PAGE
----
Ground-breaking initiative aims to cut pandemic loneliness in older people

The loneliness suffered by the old and young alike during Covid lockdowns was painful and destructive. Particularly in care homes, it lasted a long time.

Now, Leeds University has decided to try a new form of help for lonely people that could bring comfort and companionship.

Researchers have found that a simple form of talking therapy mitigates loneliness in older people left isolated during the pandemic.

Each week people were contacted over the phone by trained support workers. They were encouraged to keep up their social contacts and to stick to a daily programme which included both routine and leisure activities.

This approach from the BASIL-C19 (Behavioural Activation in Social Isolation) study lasted for eight weeks. Importantly it was designed in collaboration with older people who had suffered social isolation, loneliness and depression during the pandemic.

The restrictions imposed by the pandemic has highlighted the importance of good mental health and maintaining social connections. Even before Covid there were 1.4 million older adults in England who were so lonely it affected their mental health.

Since the pandemic this has only got worse, especially where people have had to self-isolate.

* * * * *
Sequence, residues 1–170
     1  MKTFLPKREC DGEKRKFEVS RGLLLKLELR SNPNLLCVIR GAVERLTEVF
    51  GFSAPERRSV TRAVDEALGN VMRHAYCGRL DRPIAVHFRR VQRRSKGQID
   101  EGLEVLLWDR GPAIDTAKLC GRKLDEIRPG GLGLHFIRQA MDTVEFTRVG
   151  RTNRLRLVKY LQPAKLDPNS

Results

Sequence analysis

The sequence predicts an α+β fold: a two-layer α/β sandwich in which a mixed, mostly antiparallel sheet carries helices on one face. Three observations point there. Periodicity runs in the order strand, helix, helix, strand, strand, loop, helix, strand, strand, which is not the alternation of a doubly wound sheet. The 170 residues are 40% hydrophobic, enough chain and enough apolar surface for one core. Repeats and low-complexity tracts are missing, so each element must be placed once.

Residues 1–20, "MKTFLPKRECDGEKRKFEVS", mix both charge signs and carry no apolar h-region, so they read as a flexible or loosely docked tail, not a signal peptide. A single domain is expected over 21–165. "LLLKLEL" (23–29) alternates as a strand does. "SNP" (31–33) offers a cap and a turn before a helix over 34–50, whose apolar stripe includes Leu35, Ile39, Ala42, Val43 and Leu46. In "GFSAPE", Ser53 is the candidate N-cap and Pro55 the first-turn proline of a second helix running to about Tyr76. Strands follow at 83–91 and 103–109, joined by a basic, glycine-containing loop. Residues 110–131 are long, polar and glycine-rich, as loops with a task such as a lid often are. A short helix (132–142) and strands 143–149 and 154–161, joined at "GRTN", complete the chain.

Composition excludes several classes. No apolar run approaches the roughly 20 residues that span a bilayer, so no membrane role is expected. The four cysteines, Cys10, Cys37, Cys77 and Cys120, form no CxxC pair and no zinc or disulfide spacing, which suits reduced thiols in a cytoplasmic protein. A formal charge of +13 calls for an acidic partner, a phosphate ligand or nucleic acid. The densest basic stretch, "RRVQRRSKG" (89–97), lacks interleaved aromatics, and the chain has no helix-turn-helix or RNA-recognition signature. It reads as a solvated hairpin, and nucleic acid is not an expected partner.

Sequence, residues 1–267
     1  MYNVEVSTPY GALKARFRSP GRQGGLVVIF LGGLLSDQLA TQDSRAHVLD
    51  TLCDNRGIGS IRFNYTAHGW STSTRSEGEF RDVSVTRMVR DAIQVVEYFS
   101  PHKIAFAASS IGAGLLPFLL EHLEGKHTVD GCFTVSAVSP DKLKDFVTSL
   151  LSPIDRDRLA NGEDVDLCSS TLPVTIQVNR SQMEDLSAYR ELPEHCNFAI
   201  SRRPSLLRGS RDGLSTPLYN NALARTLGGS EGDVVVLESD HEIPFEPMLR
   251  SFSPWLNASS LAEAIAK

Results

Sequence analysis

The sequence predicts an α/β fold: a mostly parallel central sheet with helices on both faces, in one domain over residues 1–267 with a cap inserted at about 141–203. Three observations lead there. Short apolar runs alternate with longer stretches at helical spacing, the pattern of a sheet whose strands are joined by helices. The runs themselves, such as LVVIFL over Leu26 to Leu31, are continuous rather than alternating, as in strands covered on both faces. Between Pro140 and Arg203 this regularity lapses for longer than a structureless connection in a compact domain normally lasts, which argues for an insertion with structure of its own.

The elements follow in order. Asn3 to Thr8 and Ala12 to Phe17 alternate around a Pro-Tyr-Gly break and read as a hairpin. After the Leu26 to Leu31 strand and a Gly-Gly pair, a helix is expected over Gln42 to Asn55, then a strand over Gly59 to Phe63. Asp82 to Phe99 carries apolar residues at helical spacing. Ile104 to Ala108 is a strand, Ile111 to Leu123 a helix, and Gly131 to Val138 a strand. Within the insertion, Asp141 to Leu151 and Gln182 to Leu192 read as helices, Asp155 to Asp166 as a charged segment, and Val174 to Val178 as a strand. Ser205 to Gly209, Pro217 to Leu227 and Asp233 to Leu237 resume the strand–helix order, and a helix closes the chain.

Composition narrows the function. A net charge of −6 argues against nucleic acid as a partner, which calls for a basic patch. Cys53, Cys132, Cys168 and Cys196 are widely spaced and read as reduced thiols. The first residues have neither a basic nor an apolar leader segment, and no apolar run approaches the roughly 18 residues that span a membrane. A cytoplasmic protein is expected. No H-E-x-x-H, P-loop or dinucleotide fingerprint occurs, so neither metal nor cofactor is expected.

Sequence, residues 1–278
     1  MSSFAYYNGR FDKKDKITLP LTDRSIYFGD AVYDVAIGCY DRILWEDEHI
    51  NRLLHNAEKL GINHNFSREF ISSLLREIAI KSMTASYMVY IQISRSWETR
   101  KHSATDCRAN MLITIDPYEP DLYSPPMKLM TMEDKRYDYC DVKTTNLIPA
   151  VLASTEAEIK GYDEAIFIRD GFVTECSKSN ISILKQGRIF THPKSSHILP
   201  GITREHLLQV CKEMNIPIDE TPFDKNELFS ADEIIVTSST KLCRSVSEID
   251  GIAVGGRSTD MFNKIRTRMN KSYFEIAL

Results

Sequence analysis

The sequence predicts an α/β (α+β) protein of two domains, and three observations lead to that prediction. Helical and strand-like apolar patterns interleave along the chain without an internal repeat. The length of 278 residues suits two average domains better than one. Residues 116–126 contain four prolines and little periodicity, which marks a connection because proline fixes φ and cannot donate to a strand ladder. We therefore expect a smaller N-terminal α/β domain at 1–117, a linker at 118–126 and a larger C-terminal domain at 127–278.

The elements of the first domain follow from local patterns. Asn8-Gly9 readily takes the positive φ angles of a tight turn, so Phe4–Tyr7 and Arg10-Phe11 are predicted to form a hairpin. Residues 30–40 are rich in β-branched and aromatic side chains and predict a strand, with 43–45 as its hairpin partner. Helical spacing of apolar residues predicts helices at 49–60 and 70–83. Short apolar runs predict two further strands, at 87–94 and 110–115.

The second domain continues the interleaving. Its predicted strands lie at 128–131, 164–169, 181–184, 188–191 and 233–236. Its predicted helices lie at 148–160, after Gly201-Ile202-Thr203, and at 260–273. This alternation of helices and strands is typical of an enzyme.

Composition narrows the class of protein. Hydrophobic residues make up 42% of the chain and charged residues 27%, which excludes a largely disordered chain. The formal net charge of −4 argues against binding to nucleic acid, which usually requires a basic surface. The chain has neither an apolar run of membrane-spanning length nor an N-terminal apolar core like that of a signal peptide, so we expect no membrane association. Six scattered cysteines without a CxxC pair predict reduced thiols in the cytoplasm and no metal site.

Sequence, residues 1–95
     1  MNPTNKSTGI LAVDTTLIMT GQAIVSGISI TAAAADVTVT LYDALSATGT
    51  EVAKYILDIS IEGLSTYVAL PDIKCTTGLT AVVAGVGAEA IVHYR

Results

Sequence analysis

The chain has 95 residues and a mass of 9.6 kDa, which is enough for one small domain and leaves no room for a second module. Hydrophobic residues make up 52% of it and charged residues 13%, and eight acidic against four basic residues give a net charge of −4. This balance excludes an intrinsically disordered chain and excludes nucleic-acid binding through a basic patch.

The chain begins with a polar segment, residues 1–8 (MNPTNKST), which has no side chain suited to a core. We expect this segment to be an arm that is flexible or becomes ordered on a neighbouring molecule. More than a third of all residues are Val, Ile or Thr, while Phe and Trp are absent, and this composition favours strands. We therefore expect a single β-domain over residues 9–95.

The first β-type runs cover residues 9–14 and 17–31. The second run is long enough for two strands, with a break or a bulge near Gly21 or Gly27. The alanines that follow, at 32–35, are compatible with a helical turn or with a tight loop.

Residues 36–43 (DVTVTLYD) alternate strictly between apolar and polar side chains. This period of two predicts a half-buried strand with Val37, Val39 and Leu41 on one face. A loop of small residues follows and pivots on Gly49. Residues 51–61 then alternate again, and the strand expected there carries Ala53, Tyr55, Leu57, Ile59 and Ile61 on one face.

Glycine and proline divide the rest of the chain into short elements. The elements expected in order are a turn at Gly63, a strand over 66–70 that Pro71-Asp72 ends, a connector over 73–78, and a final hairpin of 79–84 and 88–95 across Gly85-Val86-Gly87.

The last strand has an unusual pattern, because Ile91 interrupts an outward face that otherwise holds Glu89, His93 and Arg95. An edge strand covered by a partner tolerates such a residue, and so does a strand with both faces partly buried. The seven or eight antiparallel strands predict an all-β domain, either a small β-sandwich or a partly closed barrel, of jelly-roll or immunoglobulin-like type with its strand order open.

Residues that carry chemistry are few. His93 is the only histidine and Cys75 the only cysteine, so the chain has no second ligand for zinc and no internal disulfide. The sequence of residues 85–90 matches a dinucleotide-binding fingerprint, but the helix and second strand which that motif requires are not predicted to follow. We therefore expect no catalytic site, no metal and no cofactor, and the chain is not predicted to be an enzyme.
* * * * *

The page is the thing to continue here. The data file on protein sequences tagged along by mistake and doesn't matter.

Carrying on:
In anticipation of the deterioration in mental health of older people during the pandemic, a team of researchers and clinicians decided to focus on the psychological impact of enforced isolation, disruption to daily routines, loss of social contact and loneliness.

The team included academics from the Universities of York, Leeds, Keele and Manchester, plus the Tees, Esk and Wear Valleys Foundation NHS Trust, in collaboration with the charity Age UK.

They designed a brief intervention to combat depression and loneliness.

Older people who were enrolled welcomed the telephone contact and found the intervention helped in keeping up daily routines and social contacts.

Preliminary results showed mental health improved and loneliness was markedly reduced in the first three months of the study.

A much larger follow-up trial is currently recruiting at 12 sites across England and Wales, to include more than 600 older people as part of the largest study of its kind ever undertaken to tackle loneliness and depression.

If the outcome is similar to the preliminary results it looks as if we’ll have a very simple successful treatment to alleviate loneliness and isolation which could help whole communities.

The beauty of it is it could only have been achieved by the collaboration between many scientists, doctors, care workers, psychologists, researchers and several professors.

We need this valuable teamwork to tackle the universal problem of loneliness and isolation.